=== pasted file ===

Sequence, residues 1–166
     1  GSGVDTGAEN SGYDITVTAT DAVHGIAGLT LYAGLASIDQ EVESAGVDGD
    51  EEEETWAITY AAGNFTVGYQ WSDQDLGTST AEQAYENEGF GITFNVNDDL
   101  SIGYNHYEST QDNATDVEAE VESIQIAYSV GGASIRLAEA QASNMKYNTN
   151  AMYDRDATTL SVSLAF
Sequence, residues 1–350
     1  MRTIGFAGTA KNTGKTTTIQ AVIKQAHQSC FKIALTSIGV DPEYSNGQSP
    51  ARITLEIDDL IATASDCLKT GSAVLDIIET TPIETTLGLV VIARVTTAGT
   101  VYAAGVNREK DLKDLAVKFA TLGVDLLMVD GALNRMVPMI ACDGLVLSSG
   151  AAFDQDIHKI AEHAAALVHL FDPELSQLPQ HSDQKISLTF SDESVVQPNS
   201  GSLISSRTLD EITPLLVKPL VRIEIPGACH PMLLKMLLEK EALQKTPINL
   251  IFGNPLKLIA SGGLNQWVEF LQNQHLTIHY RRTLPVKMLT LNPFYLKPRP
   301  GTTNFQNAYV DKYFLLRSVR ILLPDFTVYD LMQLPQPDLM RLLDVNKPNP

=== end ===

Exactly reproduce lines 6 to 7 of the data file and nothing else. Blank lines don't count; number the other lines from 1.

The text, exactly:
Sequence, residues 1–350
     1  MRTIGFAGTA KNTGKTTTIQ AVIKQAHQSC FKIALTSIGV DPEYSNGQSP